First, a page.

1. Terry Kath- This man was simply the best guitarist in the world.  A full-forced powerhouse of energy. Just as good as, if not better than Hendrix.  Terry could play blues, jazz, and all that feedback stuff people love Hendrix for playing.  Not to mention he had a superb voice.  It's tough to say whether or not he'd still be playing with Chicago if he was still around today, but one thing's certain, the group certainly lost it's soul and became rather boring after Terry's death.  Look up "South California Purples", "Mississippi Delta Blues", or just about any early Chicago song for proof of his outstanding playing.

 

2. Scotty Moore- This guy is the reason I picked up the guitar.  I initially thought it was Elvis Presley, until I realized that Scotty's the one playing the guitar solos on all those great early Elvis records.  This guy knows that simplicity is the key.  Nothing is complicated, but it fits just perfectly into the songs. Look up the song "Trying to Get to You" by Elvis, that guitar solo is reason enough to love this guitarist's playing.

 

3. Elmore James- Without a doubt, Elmore James was one of the best bluesmen to ever walk the Earth.  He is dubbed by many as the King of Slide Guitar, which probably isn't too far from the truth.  Every slide guitar lick has probably been originated by Elmore, and not to mention that voice of his, which was one of the best blues voices in the world and still is to this day.  Look up the song "Shake Your Moneymaker" for some proof.

 

4. Derek Trucks- Certainly the most talented guitarist of our time.  Derek started playing with The Allman Brothers Band at age 9 (his uncle is Allman Bros. drummer Butch Trucks). Even at that young age he could play just like Duane Allman, look up videos of him at this age on YouTube, you'll be blown away.  Derek is probably the only slide guitar player who plays with such precision.  He can play the dirtiest blues songs you've ever heard and can even play Indian music better than most Indian people probably can.  Look up "Chevrolet" for the blues, and "Sahib Teri Bandi/Maki Madni" for the Indian music.

 

5. Buddy Guy- If you've ever had any doubt in the power of the blues, give a listen to Buddy Guy.  Not only is he one of the greatest blues guitarists around, but he's one of the greatest guitarists around period.  H**l give you the full range, soft-spoken solos that keep you waiting for that next note and then the loud, madman guitar solos.  Without a doubt, he had an incredible influence on Jimi Hendrix with his flamboyant style and all the trickery like playing with his teeth and behind his back.  Look up on YouTube Buddy Guy playing with Hubert Sumlin playing "Five Long Years", that is the definition of blues.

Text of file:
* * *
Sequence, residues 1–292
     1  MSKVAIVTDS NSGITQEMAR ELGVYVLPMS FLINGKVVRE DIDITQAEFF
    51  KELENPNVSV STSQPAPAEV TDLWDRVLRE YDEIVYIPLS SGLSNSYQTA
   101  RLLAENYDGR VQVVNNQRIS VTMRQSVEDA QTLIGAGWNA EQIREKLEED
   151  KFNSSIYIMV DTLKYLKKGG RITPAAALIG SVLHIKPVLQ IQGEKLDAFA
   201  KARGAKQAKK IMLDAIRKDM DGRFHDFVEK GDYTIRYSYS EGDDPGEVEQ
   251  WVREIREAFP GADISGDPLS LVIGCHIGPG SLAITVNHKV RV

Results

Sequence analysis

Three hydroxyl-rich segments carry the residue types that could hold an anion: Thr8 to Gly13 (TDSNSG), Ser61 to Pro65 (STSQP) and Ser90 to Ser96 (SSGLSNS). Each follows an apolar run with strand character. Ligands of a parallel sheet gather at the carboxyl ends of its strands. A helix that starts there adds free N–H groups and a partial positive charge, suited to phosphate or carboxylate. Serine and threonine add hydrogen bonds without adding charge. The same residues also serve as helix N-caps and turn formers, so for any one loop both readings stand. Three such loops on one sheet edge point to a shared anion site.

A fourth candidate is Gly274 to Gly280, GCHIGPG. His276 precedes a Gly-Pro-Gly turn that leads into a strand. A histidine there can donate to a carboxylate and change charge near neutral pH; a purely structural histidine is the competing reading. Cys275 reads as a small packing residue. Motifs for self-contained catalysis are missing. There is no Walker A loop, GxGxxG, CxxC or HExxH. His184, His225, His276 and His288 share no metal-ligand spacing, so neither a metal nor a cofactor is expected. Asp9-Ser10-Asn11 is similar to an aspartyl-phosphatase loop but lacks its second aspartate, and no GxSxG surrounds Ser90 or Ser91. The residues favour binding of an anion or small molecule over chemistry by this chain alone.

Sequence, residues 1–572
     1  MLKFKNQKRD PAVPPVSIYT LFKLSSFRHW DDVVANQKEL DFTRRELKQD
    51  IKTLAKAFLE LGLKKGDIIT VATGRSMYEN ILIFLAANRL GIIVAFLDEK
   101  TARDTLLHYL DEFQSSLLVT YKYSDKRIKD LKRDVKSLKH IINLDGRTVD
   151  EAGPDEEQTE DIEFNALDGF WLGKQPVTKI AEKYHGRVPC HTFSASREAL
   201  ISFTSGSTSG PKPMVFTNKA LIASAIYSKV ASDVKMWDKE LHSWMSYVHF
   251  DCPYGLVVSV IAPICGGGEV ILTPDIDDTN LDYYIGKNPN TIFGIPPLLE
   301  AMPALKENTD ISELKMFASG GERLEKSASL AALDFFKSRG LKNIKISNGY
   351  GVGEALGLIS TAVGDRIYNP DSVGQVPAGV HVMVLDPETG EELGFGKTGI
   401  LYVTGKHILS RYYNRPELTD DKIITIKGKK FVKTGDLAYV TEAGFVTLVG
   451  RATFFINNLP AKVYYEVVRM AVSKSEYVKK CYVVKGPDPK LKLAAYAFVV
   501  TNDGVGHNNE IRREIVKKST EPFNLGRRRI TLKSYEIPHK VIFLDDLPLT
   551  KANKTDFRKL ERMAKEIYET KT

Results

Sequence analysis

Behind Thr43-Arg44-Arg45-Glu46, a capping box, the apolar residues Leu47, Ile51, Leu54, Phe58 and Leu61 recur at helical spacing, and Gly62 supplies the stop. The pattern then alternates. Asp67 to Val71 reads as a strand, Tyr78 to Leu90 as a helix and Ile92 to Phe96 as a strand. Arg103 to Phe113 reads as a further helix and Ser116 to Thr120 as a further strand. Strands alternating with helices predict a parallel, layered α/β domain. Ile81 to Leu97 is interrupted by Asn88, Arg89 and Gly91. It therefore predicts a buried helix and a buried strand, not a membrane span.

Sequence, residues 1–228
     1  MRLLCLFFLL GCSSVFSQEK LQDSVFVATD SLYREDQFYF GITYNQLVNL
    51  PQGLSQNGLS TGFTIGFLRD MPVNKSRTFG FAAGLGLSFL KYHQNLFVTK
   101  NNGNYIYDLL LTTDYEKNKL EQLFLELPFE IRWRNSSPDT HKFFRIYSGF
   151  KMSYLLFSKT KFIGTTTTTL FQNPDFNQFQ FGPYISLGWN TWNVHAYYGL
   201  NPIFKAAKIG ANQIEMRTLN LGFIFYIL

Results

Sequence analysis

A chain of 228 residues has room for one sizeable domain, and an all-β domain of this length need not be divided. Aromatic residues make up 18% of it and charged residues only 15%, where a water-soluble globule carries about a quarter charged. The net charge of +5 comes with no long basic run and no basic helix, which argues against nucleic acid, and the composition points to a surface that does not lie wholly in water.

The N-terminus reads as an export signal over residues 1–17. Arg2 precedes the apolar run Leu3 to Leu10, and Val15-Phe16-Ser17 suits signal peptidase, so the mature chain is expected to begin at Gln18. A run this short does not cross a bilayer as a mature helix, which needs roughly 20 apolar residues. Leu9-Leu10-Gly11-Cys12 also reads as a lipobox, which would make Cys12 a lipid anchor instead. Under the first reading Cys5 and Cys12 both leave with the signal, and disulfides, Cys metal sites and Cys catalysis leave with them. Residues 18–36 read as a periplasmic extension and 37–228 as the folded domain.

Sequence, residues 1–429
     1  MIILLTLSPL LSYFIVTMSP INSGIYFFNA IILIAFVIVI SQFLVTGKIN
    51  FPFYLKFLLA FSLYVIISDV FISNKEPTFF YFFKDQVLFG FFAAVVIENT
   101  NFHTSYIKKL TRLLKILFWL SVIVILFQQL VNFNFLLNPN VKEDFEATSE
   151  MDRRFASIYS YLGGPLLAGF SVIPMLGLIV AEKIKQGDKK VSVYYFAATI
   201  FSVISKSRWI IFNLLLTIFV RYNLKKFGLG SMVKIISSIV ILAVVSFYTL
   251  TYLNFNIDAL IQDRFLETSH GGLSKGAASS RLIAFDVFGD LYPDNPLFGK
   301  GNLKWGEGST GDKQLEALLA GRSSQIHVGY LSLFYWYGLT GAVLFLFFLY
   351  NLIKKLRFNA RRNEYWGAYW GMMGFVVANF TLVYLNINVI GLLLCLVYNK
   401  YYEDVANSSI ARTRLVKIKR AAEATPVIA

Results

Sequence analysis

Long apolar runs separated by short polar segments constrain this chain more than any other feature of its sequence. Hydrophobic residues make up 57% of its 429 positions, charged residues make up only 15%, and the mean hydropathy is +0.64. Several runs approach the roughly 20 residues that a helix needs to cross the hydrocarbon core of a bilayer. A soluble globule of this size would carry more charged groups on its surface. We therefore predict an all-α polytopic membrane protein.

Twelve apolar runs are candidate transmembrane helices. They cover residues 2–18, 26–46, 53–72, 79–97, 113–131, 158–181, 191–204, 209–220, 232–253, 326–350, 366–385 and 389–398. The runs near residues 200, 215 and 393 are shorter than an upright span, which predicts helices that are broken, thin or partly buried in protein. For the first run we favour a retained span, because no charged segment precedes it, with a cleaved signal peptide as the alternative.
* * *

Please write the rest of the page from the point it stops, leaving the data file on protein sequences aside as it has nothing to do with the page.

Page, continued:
6. Frank Zappa- Never before has such a musical genius existed.  Zappa was a very serious and disciplined composer, but also a fantastic guitarist.  He is known for songs containing offensive and purely comic lyrics for the most part.  His guitar solos were so much like songs in themselves that there are Zappa albums containing just guitar solos.  Whether he's playing doo-wop, blues, jazz or experimental music, his guitar playing is always the stand out performance of these songs.  Look up "Inca Roads", "Willie the Pimp" and "Zomby Woof" for some great solos.

 

7. Brian Setzer- I'm so impressed with Brian Setzer because he went from playing rockabilly (which isn't exactly the most difficult form of music to play) to swing/jazz, which any guitar player knows is a very complex genre for playing.  Both the chords and the soloing itself is a very different thing in the jazz world.  He is often overlooked on many lists, for what reason, I do not know.  Look up "Mr. Surfer Goes Jazzin'" and "Mr. Jazzer Goes Surfin" for some crazy solos by Setzer.

 

8. David Gilmour- This is one of those guitarists whose tone can be easily recognized.  Gilmour has always maintained a spacey sound, but still very bluesy.  His guitar solo on "Money" is easily one of the best rock guitar solos of all time.  His solo work is just as impressive as his work with Pink Floyd.  Many people like Pink Floyd, but how many people really like it for the music?  Gilmour's tone is one of the most relaxing guitar tones ever.  Look up "The Blue" from his most recent solo album for a fantastic, soothing solo.

 

9. Brian May- If Scotty Moore was the reason I picked up guitar, Brian May is the reason I kept up with it.  For the longest time, I thought Queen was the greatest band in the world, and Brian the greatest guitar player in the world.  He's certainly an incredibly talented musician.  From the classic "Bohemian Rhapsody" solo to the lesser known "Keep Yourself Alive", it would be hard to find a Brian May solo that would disappoint.  Look up "Good Company" every sound you hear on there that sounds like a synthesizer is his guitar.

 

10. Denny Dias- A very overlooked guitarist, Denny Dias played on some of Steely Dan's greatest songs.  He isn't on every album by Steely Dan, and that's a shame.  Even more of a shame is that he doesn't play music anymore.  His style was very unique, and looked an awful lot like Zach Galifianakis.  Aside from how he looked, his playing was some of the best playing on Steely Dan records.  Look up "Bodhisattava" and "Green Earrings", he has the first guitar solo on both songs, and they're equally amazing.

 

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